Pollen analysis and five radiocarbon dates of a 687-cm core provide a detailed chronology of environmental change in a marsh at the head of Newport Bay, Orange County, California. Sediment deposition kept pace with sea-level rise during the early history of the marsh. From ca. 7000 to 4500 yr B.P. the site was a freshwater marsh, trees were more abundant than today, and grassland was the regional vegetation. As sea level rose, salt marsh gradually invaded the site. Brief periods of freshwater marsh 3800, 2800, 2300, and after 560 yr B.P. correlate with episodes of global cooling during the Neoglacial. The historic period is marked by the appearance of exotic species (particularly Erodium cf. cicutarium and Eucalyptus) and the spores of fungi (Sporormiella and Thecaphora). Peak influx of pollen, spores, and charcoal probably reflect greater frequency of flooding and erosion ca. 5000 yr B.P. and during the last 1000 yr.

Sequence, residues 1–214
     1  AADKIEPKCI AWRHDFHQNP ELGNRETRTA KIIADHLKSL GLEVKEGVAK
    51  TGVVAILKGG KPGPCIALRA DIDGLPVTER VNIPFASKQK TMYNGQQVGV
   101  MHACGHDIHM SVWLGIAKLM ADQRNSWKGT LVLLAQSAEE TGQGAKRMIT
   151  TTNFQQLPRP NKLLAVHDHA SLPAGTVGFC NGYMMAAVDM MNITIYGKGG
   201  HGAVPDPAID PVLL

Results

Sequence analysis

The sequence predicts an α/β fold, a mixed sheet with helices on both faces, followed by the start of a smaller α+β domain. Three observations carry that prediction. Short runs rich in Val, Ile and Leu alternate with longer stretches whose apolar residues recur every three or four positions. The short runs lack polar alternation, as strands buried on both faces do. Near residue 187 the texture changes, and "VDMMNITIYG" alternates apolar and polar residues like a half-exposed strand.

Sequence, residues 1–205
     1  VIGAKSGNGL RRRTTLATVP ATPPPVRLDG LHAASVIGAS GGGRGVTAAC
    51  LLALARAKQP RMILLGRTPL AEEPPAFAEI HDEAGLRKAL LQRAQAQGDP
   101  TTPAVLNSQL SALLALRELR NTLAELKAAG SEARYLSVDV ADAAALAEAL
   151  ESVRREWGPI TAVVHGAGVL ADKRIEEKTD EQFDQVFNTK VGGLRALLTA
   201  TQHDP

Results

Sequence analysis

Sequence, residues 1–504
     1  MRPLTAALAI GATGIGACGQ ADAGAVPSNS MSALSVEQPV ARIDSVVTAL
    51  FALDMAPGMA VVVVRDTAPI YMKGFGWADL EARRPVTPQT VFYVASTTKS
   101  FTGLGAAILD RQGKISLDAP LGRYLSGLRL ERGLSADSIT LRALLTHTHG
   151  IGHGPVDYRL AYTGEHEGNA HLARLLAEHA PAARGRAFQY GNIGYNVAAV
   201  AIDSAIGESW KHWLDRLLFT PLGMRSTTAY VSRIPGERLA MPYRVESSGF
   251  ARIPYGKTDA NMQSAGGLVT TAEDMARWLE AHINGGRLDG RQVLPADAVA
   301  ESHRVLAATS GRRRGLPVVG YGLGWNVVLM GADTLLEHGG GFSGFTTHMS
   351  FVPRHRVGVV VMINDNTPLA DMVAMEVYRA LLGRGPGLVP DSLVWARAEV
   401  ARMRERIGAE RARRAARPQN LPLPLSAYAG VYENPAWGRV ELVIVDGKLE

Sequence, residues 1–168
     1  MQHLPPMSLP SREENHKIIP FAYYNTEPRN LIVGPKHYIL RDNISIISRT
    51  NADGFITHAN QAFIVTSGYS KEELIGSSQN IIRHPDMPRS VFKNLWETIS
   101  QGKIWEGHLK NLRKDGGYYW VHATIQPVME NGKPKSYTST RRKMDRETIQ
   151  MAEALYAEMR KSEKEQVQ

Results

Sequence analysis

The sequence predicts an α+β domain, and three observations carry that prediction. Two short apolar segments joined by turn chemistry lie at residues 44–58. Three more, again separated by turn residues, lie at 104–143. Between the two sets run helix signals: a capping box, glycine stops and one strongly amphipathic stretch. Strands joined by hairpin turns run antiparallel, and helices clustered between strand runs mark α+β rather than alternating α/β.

ASJC Scopus subject areas
- Arts and Humanities (miscellaneous)
- Earth-Surface Processes
- General Earth and Planetary Sciences